Office for iPad is free to use for iPad Air, iPad, and iPad mini users, but requires an Microsoft 365 subscription to make full use of all features. Microsoft offers a month's free trial to Office 365, but after that it costs £5.99 ($6.99, AU$7) per month for a Personal account. The Office apps store files, by default, in OneDrive, Microsoft.
Microsoft has finally introduced trackpad support for Office Microsoft 365 on the iPad.
The update – which covers Word, PowerPoint, and Excel – is designed to help these apps more closely resemble their desktop counterparts when it comes to things like selecting text, resizing page elements, grouping spreadsheet cells, and so on.
The tweak fulfils a promise made by Microsoft earlier this year to add improved cursor support in its iPadOS Office apps, and will roll out to customers over the coming fortnight.
Apple proved somewhat reluctant in bringing mouse and trackpad compatibility to the iPad. It first appeared as an accessibility feature intended for those unable to use a standard touch interface, and was not positioned as something intended for routine day-to-day usage. That messaging changed earlier this year, with the launch of iPadOS 13.4, which added full mouse and trackpad support.
Microsoft 365 For Ipados
Apple later expanded upon this with the Magic Keyboard for the iPad Pro – an excellent if arse-clenchingly expensive trackpad and keyboard combination for the 11-inch and 12.9-inch iPad Pro. Third-party manufacturers have also had a go, notably Logitech, with its also-solid new Combo Touch case. We have one, and will be publishing a review in the coming weeks.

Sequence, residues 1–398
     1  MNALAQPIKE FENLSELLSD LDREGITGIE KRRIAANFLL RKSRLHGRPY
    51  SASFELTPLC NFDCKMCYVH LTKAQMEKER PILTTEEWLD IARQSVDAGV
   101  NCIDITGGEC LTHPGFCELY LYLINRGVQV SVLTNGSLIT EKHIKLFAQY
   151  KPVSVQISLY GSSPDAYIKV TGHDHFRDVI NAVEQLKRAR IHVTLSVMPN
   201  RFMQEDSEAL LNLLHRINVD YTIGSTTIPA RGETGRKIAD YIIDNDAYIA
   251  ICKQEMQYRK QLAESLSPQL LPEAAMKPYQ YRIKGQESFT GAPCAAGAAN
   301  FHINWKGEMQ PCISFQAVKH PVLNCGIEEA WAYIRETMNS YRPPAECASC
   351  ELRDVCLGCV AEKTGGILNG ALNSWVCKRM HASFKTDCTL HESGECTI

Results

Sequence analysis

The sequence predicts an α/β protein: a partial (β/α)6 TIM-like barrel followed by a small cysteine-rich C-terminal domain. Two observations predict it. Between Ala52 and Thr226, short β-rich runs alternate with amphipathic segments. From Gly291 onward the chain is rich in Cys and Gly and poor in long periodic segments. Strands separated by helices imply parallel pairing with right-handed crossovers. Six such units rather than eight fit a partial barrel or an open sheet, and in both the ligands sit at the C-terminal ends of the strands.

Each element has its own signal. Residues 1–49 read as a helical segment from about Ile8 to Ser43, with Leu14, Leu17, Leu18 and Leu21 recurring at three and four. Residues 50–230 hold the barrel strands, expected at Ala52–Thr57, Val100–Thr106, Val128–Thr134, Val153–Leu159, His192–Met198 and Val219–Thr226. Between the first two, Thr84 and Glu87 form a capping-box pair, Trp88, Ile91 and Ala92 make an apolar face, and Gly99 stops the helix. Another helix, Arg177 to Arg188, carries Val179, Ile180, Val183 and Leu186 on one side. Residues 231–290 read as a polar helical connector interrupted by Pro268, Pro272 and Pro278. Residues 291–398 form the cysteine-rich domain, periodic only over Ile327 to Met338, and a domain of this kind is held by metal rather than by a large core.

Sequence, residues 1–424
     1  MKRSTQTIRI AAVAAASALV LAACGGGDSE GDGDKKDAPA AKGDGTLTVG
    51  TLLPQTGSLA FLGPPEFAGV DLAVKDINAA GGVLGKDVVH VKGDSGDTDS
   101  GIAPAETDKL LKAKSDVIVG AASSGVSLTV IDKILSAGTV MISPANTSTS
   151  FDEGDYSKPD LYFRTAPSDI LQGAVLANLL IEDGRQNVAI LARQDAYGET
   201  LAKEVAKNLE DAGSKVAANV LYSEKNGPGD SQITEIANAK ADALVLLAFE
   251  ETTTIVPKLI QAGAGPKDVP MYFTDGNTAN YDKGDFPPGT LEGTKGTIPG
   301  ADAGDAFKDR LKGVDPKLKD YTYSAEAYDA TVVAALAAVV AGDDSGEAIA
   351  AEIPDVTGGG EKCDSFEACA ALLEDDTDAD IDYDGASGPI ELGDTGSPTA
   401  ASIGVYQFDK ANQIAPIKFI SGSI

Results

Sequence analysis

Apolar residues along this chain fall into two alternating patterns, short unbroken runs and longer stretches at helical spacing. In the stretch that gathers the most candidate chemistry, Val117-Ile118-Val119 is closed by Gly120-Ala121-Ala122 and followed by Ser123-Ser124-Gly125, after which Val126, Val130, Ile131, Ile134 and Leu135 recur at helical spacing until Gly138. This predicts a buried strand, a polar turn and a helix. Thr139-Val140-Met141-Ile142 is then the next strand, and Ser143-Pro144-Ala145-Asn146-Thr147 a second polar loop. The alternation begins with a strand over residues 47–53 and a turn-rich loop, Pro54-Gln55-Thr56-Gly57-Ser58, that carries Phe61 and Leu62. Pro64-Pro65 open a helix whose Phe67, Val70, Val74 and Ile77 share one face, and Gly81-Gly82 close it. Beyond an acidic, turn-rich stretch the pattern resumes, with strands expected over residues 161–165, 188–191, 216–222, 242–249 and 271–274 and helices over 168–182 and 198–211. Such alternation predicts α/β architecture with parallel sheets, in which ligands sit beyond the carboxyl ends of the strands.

Hardware isn't the problem here. The biggest Achilles' heel when it comes to cursor support on iPadOS is the woeful lack of consistency among apps. This becomes apparent when doing basic tasks like copying and pasting.
Some apps allow you to select text with the cursor. Others require you to tap-and-drag the screen, like you would with an iPhone. It's exactly as infuriating as it sounds, and it feels like a massive oversight for a company that once took pride in its meticulous attention to detail.
The update to Office 365 shows that when it comes to resolving this, the onus is on individual developers, rather than Apple itself. While cursor support will become more widespread in the coming years as more people use their iPads as laptops, punters will have to suffer this inconstancy for a while longer. ®